Competition With China Can Save the Planet
Pressure, Not Partnership, Will Spur Progress on Climate Change
Each year, leaders of the G–20 nations meet to discuss the state of the world economy and self-select into two camps: the liberal democracies, and all the rest. The leader of the former group usually sets the agenda for the meeting, while the head of the latter spoils it, encouraging fellow members to use their collective geopolitical and economic clout to stick it to the arrogant and fading Western order. This year’s meeting in Hamburg on July 7–8 was no different, in a way, but there was a role reversal: Chinese President Xi Jinping and German Chancellor Angela Merkel rallied the group in a stirring defense of the Paris climate accord as U.S. President Donald Trump holed up in an extended meeting with Russian leader Vladimir Putin.
Before the summit, observers anticipated awkwardness between Trump and the other heads of state and general uncertainty given the United States’ abdication of global leadership. The shift was all the more stark given that Germany, as this year’s host nation, set the summit’s agenda. Because of that, this year’s “Action Plan”—the key document to come out of any G-20 meeting—emphasized free trade, combating climate change, and welcoming refugees, policies that the Trump administration has vocally opposed. That said, in a nod to the protectionist policies of the United States, as well as the United Kingdom and other countries, the action plan also acknowledged that “legitimate trade defense instruments” were important to keeping international trade on a level playing field. Acknowledging China’s Belt and Road initiative, a massive infrastructure plan to connect East Asia to Africa and Eurasia, the action plan also emphasized the need to manage excess industrial capacity. (Although the Belt and Road initiative is billed as an infrastructure development plan, one of the main problems it is supposed to solve for China is its overproduction of steel.)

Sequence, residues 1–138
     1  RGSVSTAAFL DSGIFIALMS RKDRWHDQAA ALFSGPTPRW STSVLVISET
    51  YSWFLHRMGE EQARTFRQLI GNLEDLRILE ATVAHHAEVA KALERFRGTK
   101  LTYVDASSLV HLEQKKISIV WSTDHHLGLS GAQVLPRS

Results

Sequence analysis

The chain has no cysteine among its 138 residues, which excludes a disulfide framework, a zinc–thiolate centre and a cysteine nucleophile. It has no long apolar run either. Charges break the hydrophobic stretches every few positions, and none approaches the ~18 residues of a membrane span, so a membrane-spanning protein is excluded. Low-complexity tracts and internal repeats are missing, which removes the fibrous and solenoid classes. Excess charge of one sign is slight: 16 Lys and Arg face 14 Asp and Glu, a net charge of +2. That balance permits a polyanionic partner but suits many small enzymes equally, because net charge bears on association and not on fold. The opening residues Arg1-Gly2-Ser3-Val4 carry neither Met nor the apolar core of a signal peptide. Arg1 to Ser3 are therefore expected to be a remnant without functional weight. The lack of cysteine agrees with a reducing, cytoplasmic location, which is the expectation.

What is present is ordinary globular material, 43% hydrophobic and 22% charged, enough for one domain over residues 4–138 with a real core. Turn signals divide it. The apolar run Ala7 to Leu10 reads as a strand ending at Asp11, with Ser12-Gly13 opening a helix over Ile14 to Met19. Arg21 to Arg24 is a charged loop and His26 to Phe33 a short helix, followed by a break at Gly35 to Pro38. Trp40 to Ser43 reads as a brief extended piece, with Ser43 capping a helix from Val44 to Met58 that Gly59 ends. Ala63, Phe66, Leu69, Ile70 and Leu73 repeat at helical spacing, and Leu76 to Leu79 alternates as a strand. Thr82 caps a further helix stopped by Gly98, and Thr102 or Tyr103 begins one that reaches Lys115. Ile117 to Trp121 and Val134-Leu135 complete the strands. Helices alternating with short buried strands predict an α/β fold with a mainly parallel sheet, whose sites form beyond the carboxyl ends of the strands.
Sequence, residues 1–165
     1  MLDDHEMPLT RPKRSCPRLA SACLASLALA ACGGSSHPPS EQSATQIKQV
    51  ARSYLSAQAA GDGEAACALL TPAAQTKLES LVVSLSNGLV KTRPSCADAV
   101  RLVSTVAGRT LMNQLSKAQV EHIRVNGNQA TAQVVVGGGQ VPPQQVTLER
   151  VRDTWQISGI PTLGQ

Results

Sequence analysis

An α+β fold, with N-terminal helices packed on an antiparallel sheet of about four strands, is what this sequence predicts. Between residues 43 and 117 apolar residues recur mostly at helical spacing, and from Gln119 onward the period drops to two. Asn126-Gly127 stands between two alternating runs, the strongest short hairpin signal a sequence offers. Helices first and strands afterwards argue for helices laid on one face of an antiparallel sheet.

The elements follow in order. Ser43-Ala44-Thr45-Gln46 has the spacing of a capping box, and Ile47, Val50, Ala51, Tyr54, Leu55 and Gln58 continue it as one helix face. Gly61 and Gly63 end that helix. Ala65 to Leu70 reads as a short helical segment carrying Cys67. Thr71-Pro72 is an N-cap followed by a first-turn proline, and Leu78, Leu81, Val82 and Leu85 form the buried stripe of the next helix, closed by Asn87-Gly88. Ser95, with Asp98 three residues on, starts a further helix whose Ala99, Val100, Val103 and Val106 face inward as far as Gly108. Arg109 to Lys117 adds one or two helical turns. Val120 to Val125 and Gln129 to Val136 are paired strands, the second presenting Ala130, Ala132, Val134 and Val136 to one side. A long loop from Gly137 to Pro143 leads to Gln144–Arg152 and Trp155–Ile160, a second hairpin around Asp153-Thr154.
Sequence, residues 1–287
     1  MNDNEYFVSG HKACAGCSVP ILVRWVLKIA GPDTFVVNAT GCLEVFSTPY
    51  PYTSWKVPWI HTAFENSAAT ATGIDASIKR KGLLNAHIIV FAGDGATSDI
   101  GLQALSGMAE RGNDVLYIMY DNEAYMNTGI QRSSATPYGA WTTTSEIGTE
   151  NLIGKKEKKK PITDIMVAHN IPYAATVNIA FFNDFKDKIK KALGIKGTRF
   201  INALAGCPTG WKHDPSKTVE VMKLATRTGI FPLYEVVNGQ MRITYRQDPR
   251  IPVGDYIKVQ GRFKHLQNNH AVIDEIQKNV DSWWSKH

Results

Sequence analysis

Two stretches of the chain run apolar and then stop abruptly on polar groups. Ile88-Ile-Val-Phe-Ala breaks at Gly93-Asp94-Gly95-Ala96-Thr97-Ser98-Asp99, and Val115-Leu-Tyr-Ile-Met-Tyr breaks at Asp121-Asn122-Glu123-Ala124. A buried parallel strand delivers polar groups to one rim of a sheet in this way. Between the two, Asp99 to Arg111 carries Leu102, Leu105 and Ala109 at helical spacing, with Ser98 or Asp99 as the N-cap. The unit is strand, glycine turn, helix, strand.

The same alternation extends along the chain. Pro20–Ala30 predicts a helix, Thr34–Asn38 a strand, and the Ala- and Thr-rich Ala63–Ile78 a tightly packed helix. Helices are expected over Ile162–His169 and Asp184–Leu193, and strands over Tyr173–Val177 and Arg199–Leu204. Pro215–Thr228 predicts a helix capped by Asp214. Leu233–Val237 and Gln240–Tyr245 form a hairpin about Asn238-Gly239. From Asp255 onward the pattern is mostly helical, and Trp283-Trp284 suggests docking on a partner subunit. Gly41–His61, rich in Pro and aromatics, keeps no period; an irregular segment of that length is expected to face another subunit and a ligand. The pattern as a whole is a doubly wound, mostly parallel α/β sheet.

In a rebuke to the closed-border sentiment sweeping liberal democratic nations, the G–20 voiced the need to “support those countries that choose to develop pathways for migration.” Finally, in a highly unusual move, the United States received specific censure for withdrawing from the climate accord. Not only did “the leaders of the other G–20 members state that the Paris agreement is irreversible,” but the action plan made sure to highlight that the United States was being unreasonable in its professed commitment to national interests.
It would appear that the other G–20 nations were attempting to carry on with business as usual—only now behind the leadership of Germany and China, which continue to carry the banner for internationalism. But when comparing the policy agreements coming out of the G–20 meeting this year with those of former years, as well as the tone of the conferences, it becomes clear that the populist agenda has had some influence on the organization’s outlook—and possibly for the better.
A longstanding criticism of the G–20 (and other international organizations of its kind) is that it binds countries to purported global policy goals that are more appropriately left to the domestic sphere. For example, at the 2014 G–20 summit in Brisbane, initiatives such as backing infrastructure development and improving education, although generally good policies to pursue in any context, should be up to countries to decide on for themselves. On the other hand, problems such as climate change, international taxes, and the cross-border flows of capital are truly global in nature and require broad coordination.